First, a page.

Urinary Retention in Adults: Evaluation and Initial Management

 

Am Fam Physician. 2018 Oct 15;98(8):496-503.

Author disclosure: Dr. Stoffel reports receiving grant funding from Ipsen and Cogentix in relation to treatment of neurogenic overactive bladder and stress incontinence; the other authors have no relevant financial affiliations.

Urinary retention is the acute or chronic inability to voluntarily pass an adequate amount of urine. The condition predominantly affects men. The most common causes are obstructive in nature, with benign prostatic hyperplasia accounting for 53% of cases. Infectious, inflammatory, iatrogenic, and neurologic causes can also affect urinary retention. Initial evaluation should involve a detailed history that includes information about current prescription medications and use of over-the-counter medications and herbal supplements. A focused physical examination with neurologic evaluation should be performed, and diagnostic testing should include measurement of postvoid residual (PVR) volume of urine. There is no consensus regarding a PVR-based definition for acute urinary retention; the American Urological Association recommends that chronic urinary retention be defined as PVR volume greater than 300 mL measured on two separate occasions and persisting for at least six months. Initial management of urinary retention involves assessment of urethral patency with prompt and complete bladder decompression by catheterization. Suprapubic catheters improve patient comfort and decrease bacteriuria and the need for recatheterization in the short term; silver alloy–coated and antibiotic-impregnated catheters offer clinically insignificant or no benefit. Further management is decided by determining the cause and chronicity of the urinary retention and can include initiation of alpha blockers with voiding trials. Patients with urinary retention related to an underlying neurologic cause should be monitored in conjunction with neurology and urology subspecialists.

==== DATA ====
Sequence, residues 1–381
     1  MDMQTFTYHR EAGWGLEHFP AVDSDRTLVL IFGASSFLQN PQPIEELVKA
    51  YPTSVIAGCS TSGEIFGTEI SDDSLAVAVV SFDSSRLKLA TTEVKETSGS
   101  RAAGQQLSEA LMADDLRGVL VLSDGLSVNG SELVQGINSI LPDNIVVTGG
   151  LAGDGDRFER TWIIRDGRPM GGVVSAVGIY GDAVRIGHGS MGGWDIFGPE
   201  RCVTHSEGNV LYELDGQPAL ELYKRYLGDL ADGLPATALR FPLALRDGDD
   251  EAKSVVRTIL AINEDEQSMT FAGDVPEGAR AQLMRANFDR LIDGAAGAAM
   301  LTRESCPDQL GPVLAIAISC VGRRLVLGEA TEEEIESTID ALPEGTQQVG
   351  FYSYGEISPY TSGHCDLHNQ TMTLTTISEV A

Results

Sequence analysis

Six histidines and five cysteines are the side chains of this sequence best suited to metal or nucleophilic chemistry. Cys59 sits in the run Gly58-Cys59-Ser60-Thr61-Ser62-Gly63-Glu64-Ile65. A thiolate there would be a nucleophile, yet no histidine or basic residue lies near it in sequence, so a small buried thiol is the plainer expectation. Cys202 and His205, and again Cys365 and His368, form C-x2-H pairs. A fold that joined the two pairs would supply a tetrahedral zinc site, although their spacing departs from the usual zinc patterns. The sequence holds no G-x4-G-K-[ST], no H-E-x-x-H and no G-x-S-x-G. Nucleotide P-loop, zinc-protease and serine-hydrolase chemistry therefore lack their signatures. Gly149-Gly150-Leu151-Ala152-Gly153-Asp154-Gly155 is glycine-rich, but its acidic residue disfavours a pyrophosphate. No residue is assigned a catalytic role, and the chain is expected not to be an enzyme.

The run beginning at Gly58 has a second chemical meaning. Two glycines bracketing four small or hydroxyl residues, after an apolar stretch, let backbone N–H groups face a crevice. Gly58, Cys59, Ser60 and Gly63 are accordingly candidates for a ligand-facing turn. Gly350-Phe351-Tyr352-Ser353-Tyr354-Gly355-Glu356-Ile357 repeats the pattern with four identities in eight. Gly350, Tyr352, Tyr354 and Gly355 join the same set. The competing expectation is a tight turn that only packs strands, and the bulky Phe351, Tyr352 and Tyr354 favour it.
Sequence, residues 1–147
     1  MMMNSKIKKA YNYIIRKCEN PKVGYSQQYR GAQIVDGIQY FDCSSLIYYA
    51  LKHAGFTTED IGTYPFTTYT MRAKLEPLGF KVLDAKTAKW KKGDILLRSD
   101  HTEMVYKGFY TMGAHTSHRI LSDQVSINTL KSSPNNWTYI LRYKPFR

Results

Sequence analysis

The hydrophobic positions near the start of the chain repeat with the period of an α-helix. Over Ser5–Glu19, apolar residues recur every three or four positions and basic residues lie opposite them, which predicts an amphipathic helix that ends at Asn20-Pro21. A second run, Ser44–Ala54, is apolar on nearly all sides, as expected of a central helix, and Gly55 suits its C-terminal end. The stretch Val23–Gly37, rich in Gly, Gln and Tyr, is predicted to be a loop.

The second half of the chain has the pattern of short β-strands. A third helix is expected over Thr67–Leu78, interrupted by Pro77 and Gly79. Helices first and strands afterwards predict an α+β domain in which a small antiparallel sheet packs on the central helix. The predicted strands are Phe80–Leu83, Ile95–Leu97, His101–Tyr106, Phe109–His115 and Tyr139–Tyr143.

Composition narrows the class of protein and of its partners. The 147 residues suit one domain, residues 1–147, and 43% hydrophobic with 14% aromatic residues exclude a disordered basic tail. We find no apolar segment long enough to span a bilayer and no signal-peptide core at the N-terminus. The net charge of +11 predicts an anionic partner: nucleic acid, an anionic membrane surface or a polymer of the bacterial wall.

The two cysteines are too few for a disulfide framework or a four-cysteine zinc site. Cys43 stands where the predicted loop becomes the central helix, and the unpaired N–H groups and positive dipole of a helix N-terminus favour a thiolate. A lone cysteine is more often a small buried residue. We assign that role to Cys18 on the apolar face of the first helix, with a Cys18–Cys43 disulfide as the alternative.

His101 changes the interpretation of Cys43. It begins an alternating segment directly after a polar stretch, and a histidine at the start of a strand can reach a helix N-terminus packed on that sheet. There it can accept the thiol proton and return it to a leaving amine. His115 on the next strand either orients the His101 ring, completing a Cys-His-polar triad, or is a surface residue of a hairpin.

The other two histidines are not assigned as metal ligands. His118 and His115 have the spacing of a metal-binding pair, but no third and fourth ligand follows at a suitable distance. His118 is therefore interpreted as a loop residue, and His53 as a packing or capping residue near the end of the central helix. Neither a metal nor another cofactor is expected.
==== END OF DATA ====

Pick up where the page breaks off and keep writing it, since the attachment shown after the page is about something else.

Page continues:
Urinary retention is the inability to voluntarily pass an adequate amount of urine and can be attributable to acute and chronic etiologies. Acute urinary retention is a urologic emergency characterized by the sudden inability to urinate combined with suprapubic pain, bloating, urgency, distress, or, occasionally, mild incontinence.1 Chronic urinary retention is usually associated with non-neurogenic causes, is often asymptomatic, and lacks consensus on defining criteria. The overall incidence of urinary retention is much higher in men than women and increases dramatically as men age. Estimates for men range from 4.5 to 6.8 per 1,000 person-years, increasing up to 300 per 1,000 person-years for men in their 80s, whereas the incidence in women is only seven per 100,000 per year.24

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SORT: KEY RECOMMENDATIONS FOR PRACTICE

Clinical recommendationEvidence ratingReferences

Initial evaluation of the patient with suspected urinary retention should involve a detailed history, including current use of prescription and over-the-counter medications and herbal supplements.

C

5